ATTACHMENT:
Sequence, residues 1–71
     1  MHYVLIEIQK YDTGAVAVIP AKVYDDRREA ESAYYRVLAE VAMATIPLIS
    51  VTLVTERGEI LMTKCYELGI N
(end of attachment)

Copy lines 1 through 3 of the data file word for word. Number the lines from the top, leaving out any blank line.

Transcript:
Sequence, residues 1–71
     1  MHYVLIEIQK YDTGAVAVIP AKVYDDRREA ESAYYRVLAE VAMATIPLIS
    51  VTLVTERGEI LMTKCYELGI N